Every season of the year we can expect changes in the weather, decorations, and even the sports we play. In spite of the change, especially in sports, all coaches will demand the same thing no matter what season they are coaching. Every coach I’ve met demands “focus.”
There was a man in the Bible by the name of Asaph who wrote a Psalm that gave me insight into the subject of focus. In Psalm 73:16 he said, “So I tried to understand why the wicked prosper. But what a difficult task it is!” I like that Asaph was honest and had questions for God. Maybe he was living a godly life and didn’t have anything to show for it, materially speaking. Maybe he was seeing all kinds of injustices around him and wanted answers. Regardless, he is unhappy with his current circumstances and he is looking around for answers.
For some reason he had questions and so he asked God for the answer. It says in Psalm 73:17, “Then I went into your sanctuary, O God, and I finally understood the destiny of the wicked.” He went on to describe that the path of the wicked is a slippery slope that leads to destruction. He realized that maybe the wicked wasn’t prospering as much he thought. Then he realized that maybe he had the wrong focus! Verse 21 says, “Then I realized that my heart was bitter, and I was all torn up inside. I was so foolish and ignorant, I must have seemed like a senseless animal to you.”
Asaph realized that his focus was wrong and that he had harbored bitterness in his heart. Bitterness, like many emotions, has a way of clouding our thinking and poisoning our judgment. When our heart isn’t right, our emotions get cloudy and our actions tend to follow suit. Asaph was focusing on what he didn’t have, and didn’t realize what he did have. His negative thinking on the inside began to guide his direction on the outside.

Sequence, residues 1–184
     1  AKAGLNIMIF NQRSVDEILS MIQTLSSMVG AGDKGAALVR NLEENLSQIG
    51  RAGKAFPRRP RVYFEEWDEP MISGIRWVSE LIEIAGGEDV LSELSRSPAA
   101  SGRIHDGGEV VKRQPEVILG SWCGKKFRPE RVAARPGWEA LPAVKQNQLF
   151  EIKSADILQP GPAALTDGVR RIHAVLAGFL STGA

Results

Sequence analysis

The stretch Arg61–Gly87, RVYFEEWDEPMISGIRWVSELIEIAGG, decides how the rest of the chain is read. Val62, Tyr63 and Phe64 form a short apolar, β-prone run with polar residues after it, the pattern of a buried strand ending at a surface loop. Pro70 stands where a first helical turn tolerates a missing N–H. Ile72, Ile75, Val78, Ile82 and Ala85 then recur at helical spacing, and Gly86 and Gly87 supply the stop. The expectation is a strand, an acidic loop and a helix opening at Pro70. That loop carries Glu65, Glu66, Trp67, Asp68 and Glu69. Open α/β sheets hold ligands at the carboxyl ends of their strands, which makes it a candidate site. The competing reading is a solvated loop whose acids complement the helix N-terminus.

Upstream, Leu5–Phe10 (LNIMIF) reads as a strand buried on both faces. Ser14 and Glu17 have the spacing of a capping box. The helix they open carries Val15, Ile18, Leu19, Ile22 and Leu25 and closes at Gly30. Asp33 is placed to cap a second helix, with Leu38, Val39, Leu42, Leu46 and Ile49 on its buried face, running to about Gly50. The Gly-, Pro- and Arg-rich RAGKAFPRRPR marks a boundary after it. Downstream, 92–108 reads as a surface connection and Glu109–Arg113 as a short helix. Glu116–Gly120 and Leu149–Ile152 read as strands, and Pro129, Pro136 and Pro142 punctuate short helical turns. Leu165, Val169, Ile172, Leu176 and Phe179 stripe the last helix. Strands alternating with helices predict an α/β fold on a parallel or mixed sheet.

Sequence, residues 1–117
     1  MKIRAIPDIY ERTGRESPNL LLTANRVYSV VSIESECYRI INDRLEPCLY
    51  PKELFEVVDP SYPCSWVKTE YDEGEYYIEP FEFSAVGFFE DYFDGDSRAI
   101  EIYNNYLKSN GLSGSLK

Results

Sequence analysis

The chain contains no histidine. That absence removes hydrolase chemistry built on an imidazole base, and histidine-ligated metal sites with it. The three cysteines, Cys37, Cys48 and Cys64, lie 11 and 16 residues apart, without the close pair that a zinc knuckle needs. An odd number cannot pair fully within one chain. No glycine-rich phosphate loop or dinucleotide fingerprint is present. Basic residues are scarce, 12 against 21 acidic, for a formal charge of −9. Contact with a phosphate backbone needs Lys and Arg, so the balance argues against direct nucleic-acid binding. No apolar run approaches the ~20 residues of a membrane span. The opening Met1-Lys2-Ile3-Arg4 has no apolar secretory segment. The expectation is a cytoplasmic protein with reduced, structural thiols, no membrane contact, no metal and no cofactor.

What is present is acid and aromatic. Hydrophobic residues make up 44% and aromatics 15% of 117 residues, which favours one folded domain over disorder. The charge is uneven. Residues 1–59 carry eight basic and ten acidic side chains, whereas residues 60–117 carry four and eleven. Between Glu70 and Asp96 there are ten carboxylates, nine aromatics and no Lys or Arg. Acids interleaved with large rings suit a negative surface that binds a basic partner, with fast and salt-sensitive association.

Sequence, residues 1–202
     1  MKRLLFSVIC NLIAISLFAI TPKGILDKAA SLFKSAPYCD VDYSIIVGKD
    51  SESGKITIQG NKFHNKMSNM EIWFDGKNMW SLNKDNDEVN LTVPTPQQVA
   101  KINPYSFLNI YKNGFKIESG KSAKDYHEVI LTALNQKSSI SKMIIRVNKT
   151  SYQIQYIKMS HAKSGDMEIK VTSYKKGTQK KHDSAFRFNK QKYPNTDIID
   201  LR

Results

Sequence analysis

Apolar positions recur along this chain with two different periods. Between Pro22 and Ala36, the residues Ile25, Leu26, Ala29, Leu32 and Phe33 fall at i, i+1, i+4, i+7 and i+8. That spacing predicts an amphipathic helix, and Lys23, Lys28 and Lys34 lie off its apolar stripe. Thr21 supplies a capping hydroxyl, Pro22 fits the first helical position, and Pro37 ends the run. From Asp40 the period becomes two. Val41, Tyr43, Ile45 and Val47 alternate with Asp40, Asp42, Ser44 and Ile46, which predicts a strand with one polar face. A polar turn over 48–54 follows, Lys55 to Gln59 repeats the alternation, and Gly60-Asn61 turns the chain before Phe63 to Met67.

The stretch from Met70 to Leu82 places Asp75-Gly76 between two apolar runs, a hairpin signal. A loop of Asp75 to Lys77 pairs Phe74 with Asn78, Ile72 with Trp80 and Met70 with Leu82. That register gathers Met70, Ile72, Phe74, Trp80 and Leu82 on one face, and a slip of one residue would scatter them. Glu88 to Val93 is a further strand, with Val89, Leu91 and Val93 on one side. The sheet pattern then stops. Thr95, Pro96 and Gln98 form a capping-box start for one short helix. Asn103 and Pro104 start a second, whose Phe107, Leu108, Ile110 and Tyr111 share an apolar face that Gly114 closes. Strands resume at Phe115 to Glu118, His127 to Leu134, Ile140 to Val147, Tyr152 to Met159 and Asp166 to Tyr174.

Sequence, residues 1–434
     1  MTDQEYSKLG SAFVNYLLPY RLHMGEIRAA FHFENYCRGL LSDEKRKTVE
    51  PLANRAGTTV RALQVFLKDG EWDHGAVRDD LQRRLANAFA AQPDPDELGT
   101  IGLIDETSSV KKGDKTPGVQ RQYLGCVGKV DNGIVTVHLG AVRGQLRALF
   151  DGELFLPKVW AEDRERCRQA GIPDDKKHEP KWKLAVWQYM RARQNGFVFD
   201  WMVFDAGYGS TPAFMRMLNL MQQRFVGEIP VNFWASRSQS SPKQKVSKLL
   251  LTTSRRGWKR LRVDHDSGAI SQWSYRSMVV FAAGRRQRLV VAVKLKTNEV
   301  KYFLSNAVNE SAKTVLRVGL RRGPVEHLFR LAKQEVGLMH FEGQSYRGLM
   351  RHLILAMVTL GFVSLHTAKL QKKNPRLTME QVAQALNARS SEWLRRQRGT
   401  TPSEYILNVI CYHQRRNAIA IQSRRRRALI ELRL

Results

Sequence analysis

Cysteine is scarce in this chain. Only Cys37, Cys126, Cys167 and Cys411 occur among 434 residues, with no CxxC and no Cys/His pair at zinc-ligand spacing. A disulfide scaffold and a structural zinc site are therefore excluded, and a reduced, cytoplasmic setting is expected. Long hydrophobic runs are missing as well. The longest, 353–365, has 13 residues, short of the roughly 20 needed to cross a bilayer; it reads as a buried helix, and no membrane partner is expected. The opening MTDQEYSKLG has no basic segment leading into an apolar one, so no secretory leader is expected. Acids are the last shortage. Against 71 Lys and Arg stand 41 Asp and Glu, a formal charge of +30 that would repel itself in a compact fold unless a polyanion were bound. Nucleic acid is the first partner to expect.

Asaph began to change his focus. He realized that in spite of his focus, his attitude, and his actions – God still loved him. He said, “Yet I still belong to you; you hold my right hand.” I don’t know about you, but I only hold the hands of those I love and care about. Asaph spent time with God and got his focus back! “But as for me,” (remember those four words from David’s Psalm 59) how good it is to be near God!”
Have you lost focus recently? Are you enjoying the holiday season or do you find yourself complaining about all the work, the crowded malls, the fast pace, and what you don’t have? Is your attitude positive or negative? I once read that the optimist invented the plane, but the pessimist invented the parachute. Think about it.
I want to encourage you this Thanksgiving and Christmas season to keep the right focus. Spend time alone with God and ask him to guide you and lead you, to keep bitterness from your heart, and to be thankful for all the things that you do have.
From the staff of the Buckeye Border FCA office – we pray that you have a very focused and blessed Holiday season!
For more reading, check out Psalm 26:6-8, Psalm 100:1-5, and Ephesians 5:19-20